Defragging your hard drive is far less necessary than it was just a few years ago. Given the generous size of modern hard drives, their faster speed, and greatly improved caching abilities, operating systems don’t have to scrounge for disk space as much as they once did. Since Mac OS X 10.3 (Panther), Mac OS X has used a process reason to defrag your hard drive.
However, hard drives still have problems and if you suspect something is wrong with yours, run the Disk Utility to check for hard drive errors. Click Finder in your Dock to open the Finder window. On the left side of the Finder window, under Places, select Applications. In the right-hand window find the Utilities folder and click to open it. Inside the Utilities folder, double-click the Disk Utility application.
This opens the Disk Utility. On the left side, select the drive you want to check. Select First Aid from the tabs on the right-hand side. (The other tab options are Erase, Partition, RAID, and Restore.) First Aid allows you to identify and repair disk problems.
First, click the Verify button to check your drive for problems. If problems are found, click the Repair Disk button. If no problems are found, the Repair Disk button will remain grayed out. If no disk problems were found, click Verify File Permissions to determine whether there are problems with your files. If file permission problems are found, click the Repair File Permissions button to fix them.
Rename Your Hard Drive
Do you want to rename your Mac hard drive? By default, the hard drive on your Mac is called Macintosh HD. It’s easy to rename, though. CTRL-click the Macintosh HD icon on your desktop. Select Get Info from the pop-up menu. This brings up the hard drive information window, displaying some basic information about your hard drive, such as its size and available space. Under Name & Extension, you’ll see the current drive name. In this field, enter the new drive name.
Clean Up & Arrange Your Desktop Icons
Is your desktop getting a little cluttered? Here’s a quick, easy way to rearrange and straighten out your desktop. First, start Finder by clicking the Finder icon on your Dock. Close or minimize the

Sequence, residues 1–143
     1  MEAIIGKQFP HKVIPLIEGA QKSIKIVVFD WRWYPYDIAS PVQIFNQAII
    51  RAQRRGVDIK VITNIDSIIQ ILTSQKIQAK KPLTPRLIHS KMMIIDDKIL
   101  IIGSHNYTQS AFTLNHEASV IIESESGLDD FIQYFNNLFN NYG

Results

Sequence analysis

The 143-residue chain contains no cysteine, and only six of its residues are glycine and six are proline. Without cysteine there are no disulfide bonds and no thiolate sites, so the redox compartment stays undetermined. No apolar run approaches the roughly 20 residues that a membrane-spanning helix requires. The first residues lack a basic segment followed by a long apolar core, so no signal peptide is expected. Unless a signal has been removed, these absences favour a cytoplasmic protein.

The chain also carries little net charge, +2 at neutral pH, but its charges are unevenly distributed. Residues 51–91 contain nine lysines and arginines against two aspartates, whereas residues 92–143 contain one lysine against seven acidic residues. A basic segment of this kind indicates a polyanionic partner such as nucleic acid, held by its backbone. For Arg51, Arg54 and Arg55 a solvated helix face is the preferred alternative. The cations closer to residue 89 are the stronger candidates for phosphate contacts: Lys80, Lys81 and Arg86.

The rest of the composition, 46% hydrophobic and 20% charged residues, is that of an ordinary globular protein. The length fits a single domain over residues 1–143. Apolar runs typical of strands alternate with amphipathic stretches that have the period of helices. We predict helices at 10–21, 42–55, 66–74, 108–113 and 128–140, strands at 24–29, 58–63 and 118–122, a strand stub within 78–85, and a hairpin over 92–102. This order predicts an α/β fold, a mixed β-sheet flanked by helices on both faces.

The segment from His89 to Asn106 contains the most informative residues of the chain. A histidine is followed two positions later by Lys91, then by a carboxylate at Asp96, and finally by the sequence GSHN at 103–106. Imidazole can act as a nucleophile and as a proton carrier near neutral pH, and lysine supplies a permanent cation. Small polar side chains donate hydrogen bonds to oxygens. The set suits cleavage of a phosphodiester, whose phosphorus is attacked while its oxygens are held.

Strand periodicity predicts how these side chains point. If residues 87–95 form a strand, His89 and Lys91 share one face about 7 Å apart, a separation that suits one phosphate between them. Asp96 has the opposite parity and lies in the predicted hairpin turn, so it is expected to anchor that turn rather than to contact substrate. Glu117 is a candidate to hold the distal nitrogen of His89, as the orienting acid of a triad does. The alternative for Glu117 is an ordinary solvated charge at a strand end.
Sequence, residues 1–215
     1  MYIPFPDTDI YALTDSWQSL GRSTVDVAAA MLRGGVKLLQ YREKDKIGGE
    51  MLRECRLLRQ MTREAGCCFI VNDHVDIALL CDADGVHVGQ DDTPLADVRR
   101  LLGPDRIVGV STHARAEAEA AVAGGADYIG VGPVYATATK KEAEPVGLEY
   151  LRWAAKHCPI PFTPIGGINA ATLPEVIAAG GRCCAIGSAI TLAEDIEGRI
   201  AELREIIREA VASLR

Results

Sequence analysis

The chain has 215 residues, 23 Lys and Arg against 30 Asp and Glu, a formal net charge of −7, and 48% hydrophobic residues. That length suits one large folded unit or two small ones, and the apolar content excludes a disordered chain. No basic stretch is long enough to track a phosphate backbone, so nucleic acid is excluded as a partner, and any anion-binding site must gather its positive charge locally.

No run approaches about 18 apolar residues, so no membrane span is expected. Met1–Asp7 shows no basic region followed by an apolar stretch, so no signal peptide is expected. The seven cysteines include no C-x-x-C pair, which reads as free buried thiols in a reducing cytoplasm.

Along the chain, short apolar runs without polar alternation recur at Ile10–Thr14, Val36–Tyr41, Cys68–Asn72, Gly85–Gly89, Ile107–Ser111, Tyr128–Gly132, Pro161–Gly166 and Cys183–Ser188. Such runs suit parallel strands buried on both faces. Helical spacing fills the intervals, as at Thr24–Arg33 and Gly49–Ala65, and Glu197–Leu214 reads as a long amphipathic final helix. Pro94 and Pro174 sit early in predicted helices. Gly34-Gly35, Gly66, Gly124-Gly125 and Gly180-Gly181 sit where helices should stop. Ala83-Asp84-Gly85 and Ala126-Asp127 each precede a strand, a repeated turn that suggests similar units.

Finder navigation window so you have a clear view of your desktop. Select everything on your desktop using COMMAND-A. Click View from the Finder menu bar, then select Clean Up Selection from the drop-down menu. This arranges all the icons on your desktop into a nice grid pattern. However, if you have more icons on your desktop than there’s room available to arrange them, those extra icons will end up stacked on top of each other in the upper-right corner of the desktop.
Tweak Display Dock Folders
If you click a folder on your Dock, it will usually give you a Fan view of the documents in that folder. The Fan view shows the first few documents in the folder, then lumps all the rest together, reporting that you have X number of other documents.
That’s fine if you only have a few documents in the folder, but it’s not very useful if there are a lot.
There are other ways to view the documents in these folders. CTRL-click the folder on your Dock. A pop-up menu appears with some options for customizing the folder. Under View Contents As, you can select List, Grid, or Automatic. List will give you a listing of the contents, Grid will arrange the content on a rectangular grid, and Automatic will let the Mac decide whether Fan, List, or Grid is the best choice.
Use Another Application To Edit Photos In iPhoto
Do you like iPhoto for organizing your photos, but want to use another application for editing your photos? iPhoto is good for organizing photos, but there are other image editors that have more features. If you have another image editor on your Mac, you can instruct iPhoto to use this image-editing program. With iPhoto open, click iPhoto on the menu bar. Select Preferences, opening the iPhoto Preferences dialog box. Select Advanced. Click the dropdown menu next to Edit Photos. By default, this is set to In iPhoto. Select In Application from the drop-down menu, then find your image-editing application in the application folder.